Report (6th Day)

Part of Health and Social Care Bill – in the House of Lords at 5:00 pm on 8th March 2012.

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Photo of Baroness Wheeler Baroness Wheeler Opposition Whip (Lords) 5:00 pm, 8th March 2012

My Lords, on behalf of these Benches, I want to express our concern and exasperation at these cobbled-together last-minute changes to the status and organisational arrangements for local healthwatch. We are utterly opposed to depriving local healthwatch of its statutory status. It is hard to see the logic behind the new approach, even for those of us who are supportive of the local development of social enterprises.

The noble Baroness has not explained why this last-minute change is taking place 14 months into the consideration of the Bill. Why was this new approach and dramatic change not spelt out and included in the consultation that the Government have conducted since Committee stage on HealthWatch membership? Why such a fundamental change of direction at this late stage?

The Government's argument is that the new arrangements will provide local authorities with the flexibility that they need in establishing HealthWatch organisations and facilitating their networking with other local community organisations. In practice, this means that not only will each local healthwatch be very different, and it will take more than the proposed national kite mark to provide them with any joined-up coherence, but they will all develop at a very different pace as local authorities take time to decide on the form of structure, and then draw up and implement their commissioning arrangements, or further subcontracting arrangements, if they want to make things really confusing, and so on. This is hardly the smooth transition from LINks organisations to the proper and coherent structure of patient representation at local level that we need. Like so much in this Bill, what could be simple and straightforward is made fragmented and complicated and requires detailed explanation. The Government also make strong play of local healthwatch organisations having a statutory function through a seat on health and well-being boards, through making a contribution on that board and the statutory joint strategic needs assessments and the joint health and well-being strategy. HealthWatch will also have statutory status through the statutory health and well-being boards' ability to refer back to the NHS Commissioning Board plans that do not meet the needs of the local communities. So we have a second-hand, reflected statutory authority by participating in bodies that have statutory status.

It is interesting, too, that with clinical commissioning groups the Government have repeatedly argued that the Bill was needed to enable CCGs to be statutory bodies in their own right. Now we see exactly the opposite argument when it comes to patient representation.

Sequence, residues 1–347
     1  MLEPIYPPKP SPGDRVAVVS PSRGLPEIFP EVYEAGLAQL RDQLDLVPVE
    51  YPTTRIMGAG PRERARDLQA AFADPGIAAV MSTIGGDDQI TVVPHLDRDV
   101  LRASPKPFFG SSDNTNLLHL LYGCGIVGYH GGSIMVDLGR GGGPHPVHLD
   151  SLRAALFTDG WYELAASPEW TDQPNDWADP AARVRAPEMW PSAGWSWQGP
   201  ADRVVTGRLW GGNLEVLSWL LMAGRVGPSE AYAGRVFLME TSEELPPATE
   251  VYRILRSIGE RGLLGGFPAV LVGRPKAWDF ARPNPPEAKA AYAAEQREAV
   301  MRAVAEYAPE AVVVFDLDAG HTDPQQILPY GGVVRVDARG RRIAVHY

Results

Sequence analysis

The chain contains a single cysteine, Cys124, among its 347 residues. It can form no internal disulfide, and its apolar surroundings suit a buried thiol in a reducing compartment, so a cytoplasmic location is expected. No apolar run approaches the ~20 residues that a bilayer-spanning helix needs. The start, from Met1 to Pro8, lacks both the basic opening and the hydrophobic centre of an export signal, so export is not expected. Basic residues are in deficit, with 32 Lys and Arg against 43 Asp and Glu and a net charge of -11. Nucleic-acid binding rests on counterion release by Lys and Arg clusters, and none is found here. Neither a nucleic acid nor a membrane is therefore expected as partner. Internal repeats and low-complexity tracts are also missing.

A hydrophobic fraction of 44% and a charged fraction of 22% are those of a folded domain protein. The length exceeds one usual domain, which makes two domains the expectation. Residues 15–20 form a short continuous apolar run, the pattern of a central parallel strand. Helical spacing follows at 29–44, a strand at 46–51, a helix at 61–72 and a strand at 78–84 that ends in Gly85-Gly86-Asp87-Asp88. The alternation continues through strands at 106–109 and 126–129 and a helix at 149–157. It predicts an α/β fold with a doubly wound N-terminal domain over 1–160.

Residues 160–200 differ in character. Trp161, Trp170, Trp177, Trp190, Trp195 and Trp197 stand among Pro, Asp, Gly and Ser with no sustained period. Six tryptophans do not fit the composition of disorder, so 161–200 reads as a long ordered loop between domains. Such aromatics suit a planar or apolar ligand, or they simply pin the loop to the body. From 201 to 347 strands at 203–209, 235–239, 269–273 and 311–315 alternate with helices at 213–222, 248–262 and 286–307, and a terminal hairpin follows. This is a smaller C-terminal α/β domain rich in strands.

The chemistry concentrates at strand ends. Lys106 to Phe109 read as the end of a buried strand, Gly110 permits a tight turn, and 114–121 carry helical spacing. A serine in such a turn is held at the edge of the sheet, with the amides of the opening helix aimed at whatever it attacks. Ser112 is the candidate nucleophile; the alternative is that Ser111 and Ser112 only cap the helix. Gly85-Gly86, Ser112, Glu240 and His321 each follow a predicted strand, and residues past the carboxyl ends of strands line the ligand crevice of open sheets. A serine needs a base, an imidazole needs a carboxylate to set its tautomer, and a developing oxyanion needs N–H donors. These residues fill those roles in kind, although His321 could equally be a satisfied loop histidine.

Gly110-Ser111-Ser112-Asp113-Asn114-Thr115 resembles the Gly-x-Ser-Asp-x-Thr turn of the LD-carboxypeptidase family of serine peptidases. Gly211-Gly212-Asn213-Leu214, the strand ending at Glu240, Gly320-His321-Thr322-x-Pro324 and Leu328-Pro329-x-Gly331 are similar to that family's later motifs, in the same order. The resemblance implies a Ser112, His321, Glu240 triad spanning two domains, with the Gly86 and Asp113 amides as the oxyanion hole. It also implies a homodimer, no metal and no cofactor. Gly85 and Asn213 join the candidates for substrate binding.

Finally, there is the relationship of local healthwatch with the local authority, where there is again huge potential for conflict of interest, and concern that even the well intentioned authorities facing severe budget cuts could struggle to find the required funding for healthwatch organisations. Government amendments to address this and potential conflicts of interest by requiring local authorities to,

"have regard to ... any Secretary of State guidance on this matter", do not provide the safeguards that would be needed to ensure that patients, their carers or representatives should be able to expect if they are concerned that their complaint about a social services department is channelled through a non-statutory body funded and linked to the local authority itself.

As with the rest of the Bill, these are complicated structures understood and supported by no one, with details fleshed out at the last minute and sprung upon the House, in effect, only three working days before we are due to consider them, and with no opportunity for consultation on such fundamental change. Arguably most important of all is that it is impossible to see, among all these amendments, how these local organisations will relate to national HealthWatch. Perhaps the kite marks are designed more to help HealthWatch England recognise who it has under its umbrellas than to assist local organisations networking with each other.

I hope that even at this late stage the Minister will acknowledge the concern, confusion and demoralisation, particularly among key patient organisations and groups, at the last-minute decision to change the status of local healthwatch organisations. I hope that she will agree to withdraw these amendments and instead restore statutory status to local healthwatch, enabling them to be organisations that everyone can rely on to be genuine patient representatives, fully trusted and supported by patients and the public.